Shut the revolving door on the way out: the politics of negative internationalisation

Of the many fulsome initiatives intended to normalise the trauma of forced emigration, an ad campaign for a soft drink goes in at number one with a bullet. By purchasing the product of this global corporation, you enter a draw for the prize of bringing back a group of your recently emigrated friends. They will, if you are successful, be back in Ireland on Saint Patrick's Day for 'the craic'. Recession-busting pizza might give you heartburn, but as Hugh Green examines, there's nothing like an emigration-busting soft drink to ease the heart ache.

Ireland first! Gibraltar a close second!

Remaking the country in one’s image, or at least in ways that fit snugly with one’s interests, is all the rage among Ireland’s golfing cosmopolitan elite. On the day when Ed Walsh called for the implementation of economic ‘martial law’, Patrick Barry examines Dermot Desmond’s drive to become Ireland’s leading political moustache.

Fast forward to the Counter-Reformation

Dermot Desmond has jetted in for the weekend to join the chorus of voices calling for political reform. Jason Walsh examines several branches of the new reformation, and argues that what they have in common is distrust of the electorate.

From the ‘Soul of Haiti’ to ‘the Pluck of the Irish’: Neoliberalism and the Discourse of Resilience

The power of neoliberal discourse lies in how it contaminates and thrives on the established language we use to discuss politics and society. In particular, ideas of ‘freedom’ and the ‘individual’ now mainly operate in a shrivelled register of economic instrumentality. Audrey Bryan examines how praise of human resilience has come to mean Croppy lie down.

Campaign rhetoric and the geographies of the economic crisis

Remember when Ireland was but a straw blown about and broken by the ill winds of global collapse? When it was Lehman Brothers wot did it? As the austerity agenda becomes more deeply embedded as the touchstone of Irish political realism, any sustained analysis of what the global capitalist crisis actually meant for Ireland recedes. Patricia K Wood examines the shrinking geography of crisis and conceivable responses.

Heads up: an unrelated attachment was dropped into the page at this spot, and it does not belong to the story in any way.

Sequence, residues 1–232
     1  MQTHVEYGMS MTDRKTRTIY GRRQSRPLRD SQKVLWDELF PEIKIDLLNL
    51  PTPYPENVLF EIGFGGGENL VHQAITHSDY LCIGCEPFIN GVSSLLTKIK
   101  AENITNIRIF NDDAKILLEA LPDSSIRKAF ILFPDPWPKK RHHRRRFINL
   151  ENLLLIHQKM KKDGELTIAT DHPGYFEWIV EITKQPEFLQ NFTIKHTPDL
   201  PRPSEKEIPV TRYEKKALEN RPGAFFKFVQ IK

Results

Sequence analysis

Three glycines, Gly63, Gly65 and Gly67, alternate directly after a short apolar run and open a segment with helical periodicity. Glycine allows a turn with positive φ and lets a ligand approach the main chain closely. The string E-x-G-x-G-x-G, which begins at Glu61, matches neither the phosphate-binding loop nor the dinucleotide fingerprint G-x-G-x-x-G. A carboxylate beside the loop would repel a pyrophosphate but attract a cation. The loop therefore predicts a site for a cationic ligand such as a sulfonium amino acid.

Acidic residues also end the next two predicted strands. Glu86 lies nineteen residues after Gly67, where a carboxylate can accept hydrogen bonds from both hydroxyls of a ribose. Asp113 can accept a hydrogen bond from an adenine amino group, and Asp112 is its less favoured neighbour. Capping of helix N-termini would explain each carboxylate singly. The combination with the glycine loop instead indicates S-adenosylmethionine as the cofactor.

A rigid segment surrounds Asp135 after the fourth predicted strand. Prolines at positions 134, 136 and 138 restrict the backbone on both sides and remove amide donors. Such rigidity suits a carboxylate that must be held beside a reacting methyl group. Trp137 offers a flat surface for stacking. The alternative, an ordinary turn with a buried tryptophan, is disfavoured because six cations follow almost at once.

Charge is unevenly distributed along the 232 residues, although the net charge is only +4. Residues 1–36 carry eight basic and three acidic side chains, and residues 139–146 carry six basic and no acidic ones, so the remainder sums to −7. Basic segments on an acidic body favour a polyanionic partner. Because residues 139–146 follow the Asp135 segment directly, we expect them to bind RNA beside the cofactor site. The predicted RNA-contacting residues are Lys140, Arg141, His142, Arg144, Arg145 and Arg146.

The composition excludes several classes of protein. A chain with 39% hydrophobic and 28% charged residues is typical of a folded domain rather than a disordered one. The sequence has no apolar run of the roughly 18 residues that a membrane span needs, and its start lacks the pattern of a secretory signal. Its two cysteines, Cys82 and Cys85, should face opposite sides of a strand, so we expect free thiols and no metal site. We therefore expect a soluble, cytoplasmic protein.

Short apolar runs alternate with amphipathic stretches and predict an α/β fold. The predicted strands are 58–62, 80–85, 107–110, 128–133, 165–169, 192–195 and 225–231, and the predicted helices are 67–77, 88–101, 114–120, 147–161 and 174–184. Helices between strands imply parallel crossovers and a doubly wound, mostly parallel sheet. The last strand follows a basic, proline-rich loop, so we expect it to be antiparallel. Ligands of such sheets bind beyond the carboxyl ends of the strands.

Cowards of the county

A common theme of the crisis has been the idea that the eyes of the world are on Ireland, a coded – and sometimes not so coded – way of tellings dissenters to button it for fear their flappy jaws will land us in even more trouble with those we like to call our European ‘partners’, for want of a better word to describe them. Business, policy and media elites, eager to embrace what they see as the shiny cosmopolitanism of an imaginary Europe in the sky, are slow to point out that European institutions may not have the best interests of all classes of Irish society at heart.

Boxed in, boxed out

With electoral annihilation pending for Fianna Fáil, Micheál Martin’s election as that party’s leader had the potential to be interesting only for its facilitation of yet another round of ‘where have all the fadas gone?’ But, writes Harry Browne, his ‘prolier-than-thou’ posturing in last Tuesday’s leaders’ debate may signal an opportunistic shift by his party that, while intellectually incredible, may be politically important in the years to come.

Fee-paying schools and education cutbacks: Every little helps?

Cuts in funding and resources hit those schools which cater for children with special needs and children from lower socioeconomic backgrounds hardest, and are being imposed across the public education system. Meanwhile, private fee-paying schools, which rank 'close to the bottom of the table' in their provision for children with learning difficulties, received €100 million in state subsidies last year. Alison Spillane reports.